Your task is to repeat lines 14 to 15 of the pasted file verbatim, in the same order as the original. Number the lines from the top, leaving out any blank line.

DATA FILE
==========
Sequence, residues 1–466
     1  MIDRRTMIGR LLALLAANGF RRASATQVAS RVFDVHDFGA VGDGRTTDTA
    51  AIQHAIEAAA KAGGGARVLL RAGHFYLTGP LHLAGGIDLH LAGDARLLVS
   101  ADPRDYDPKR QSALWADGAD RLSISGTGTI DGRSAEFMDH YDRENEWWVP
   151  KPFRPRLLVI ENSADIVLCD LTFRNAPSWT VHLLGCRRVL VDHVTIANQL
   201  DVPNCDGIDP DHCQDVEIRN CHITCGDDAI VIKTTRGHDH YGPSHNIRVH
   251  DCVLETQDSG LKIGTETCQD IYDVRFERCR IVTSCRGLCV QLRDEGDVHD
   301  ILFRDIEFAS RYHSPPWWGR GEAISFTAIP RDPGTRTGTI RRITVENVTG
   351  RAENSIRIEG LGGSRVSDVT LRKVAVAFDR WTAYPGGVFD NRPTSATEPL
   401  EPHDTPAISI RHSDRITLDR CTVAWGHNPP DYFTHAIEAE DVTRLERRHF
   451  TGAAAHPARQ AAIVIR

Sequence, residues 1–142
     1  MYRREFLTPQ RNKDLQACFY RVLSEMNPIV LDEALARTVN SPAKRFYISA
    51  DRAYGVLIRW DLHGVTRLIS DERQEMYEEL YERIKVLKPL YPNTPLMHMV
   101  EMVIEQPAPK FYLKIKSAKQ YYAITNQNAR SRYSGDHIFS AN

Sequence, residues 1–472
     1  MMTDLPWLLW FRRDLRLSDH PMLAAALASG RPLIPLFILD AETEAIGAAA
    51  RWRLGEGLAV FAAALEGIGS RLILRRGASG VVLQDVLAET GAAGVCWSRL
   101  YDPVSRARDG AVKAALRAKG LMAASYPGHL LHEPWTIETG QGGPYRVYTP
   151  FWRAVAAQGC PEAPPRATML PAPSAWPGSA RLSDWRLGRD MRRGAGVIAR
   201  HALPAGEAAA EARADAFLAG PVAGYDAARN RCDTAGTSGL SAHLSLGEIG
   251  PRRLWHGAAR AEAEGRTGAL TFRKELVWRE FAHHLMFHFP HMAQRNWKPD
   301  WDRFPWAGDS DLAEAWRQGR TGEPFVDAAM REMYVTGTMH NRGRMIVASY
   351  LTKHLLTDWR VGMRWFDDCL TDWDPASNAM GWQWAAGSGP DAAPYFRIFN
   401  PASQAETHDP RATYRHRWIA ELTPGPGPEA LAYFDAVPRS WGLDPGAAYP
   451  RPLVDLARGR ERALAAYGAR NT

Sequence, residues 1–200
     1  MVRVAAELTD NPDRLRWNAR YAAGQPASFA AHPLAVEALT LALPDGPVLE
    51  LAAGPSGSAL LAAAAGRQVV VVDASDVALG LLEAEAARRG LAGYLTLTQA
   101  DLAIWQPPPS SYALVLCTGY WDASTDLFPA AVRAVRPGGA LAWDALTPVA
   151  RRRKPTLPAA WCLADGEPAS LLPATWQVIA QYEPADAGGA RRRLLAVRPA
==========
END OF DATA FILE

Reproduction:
    51  DRAYGVLIRW DLHGVTRLIS DERQEMYEEL YERIKVLKPL YPNTPLMHMV
   101  EMVIEQPAPK FYLKIKSAKQ YYAITNQNAR SRYSGDHIFS AN